New API endpoints

In the early days, rather than build out a full REST API to access our databases, it was more efficient to use a wrapper called xMysql (https://github.com/o1lab/xmysql), which automatically generates an API over a sql database. This was the mvp approach but the goal has been to migrate away from this and centralize all access points to the database through Apollo. We have committed to this transition with all recent projects, and in this release, we built out a number of endpoints required for our new mobile Harvest application

Updates to prepaid billing logic

It is our commitment to households that we do not bill a house for days where the quality of service was inadequate. After recently releasing the “boost” feature on the pod, homes now have the ability to exceed their daily allowance, we updated our payment logic to not just check for the presence of blackouts, but also check if the user was able to consume their whole allowance. If the entire allowance was consumed, that is considered a billable day.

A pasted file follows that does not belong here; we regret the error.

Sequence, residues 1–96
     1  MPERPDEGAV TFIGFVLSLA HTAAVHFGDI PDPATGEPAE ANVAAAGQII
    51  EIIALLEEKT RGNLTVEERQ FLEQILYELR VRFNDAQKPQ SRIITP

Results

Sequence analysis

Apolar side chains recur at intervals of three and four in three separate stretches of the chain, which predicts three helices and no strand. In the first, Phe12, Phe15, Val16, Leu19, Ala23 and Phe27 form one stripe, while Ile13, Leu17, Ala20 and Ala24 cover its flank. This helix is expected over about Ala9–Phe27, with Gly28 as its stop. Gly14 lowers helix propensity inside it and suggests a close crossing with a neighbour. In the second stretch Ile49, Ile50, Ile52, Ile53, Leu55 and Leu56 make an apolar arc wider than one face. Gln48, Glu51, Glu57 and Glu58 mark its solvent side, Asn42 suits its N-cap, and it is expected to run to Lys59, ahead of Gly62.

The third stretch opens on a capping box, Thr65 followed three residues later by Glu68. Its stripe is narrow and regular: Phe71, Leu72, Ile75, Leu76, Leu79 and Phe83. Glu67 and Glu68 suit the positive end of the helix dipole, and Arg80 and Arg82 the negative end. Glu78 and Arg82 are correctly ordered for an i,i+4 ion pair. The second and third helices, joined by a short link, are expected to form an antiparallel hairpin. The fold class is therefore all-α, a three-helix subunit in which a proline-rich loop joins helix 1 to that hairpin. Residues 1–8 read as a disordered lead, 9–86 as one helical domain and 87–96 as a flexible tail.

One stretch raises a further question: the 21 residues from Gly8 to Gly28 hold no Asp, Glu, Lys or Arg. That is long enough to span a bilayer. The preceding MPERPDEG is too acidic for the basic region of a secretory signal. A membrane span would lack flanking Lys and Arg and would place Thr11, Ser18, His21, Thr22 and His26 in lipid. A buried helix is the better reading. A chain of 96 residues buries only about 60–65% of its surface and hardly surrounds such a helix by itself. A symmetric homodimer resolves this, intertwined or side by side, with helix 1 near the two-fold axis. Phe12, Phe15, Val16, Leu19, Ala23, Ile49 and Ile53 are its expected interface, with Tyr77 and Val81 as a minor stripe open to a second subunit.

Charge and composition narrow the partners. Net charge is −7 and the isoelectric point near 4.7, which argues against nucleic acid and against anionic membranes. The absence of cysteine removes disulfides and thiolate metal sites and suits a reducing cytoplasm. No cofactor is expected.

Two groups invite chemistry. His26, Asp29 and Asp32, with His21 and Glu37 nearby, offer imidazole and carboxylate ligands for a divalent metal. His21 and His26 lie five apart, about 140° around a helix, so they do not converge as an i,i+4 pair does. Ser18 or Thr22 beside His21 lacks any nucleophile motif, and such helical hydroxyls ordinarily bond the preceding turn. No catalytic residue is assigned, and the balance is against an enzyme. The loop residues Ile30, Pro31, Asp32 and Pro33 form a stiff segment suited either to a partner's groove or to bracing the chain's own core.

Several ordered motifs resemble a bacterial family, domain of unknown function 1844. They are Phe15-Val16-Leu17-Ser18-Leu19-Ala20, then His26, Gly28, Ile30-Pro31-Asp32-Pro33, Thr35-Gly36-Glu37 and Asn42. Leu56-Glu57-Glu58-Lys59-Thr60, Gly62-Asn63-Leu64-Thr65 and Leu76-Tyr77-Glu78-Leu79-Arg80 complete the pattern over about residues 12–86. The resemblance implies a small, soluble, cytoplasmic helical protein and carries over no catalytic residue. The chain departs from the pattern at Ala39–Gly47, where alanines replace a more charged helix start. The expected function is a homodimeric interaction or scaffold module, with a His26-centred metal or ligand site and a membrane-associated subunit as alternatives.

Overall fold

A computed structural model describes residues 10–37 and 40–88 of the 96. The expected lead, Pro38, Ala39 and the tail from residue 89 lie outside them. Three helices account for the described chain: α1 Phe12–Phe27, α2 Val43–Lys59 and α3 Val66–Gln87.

Store firmware version in timeseries data

Timeseries data is, as the name suggests, data that changes over time. All sensor data that is sent to the cloud from each pod is timeseries data. Relational data, by contrast, stores objects and maps any relationships between them, but is “stateless” or does not capture changes over time. As we focus on reliability and scale, our firmware and hardware team realized that it is important to know the running firmware at any given point in time, to be able to better debug and diagnose issues, so although firmware is stored in our relational database, Apollo now appends the current firmware version is as it receives and stores each timeseries data point. Now we can look back and see exactly what code the pod was running, at any moment in time.

Stability improvements

Bug fixes in this release included:

  • Better error handling of deprecated entities in the database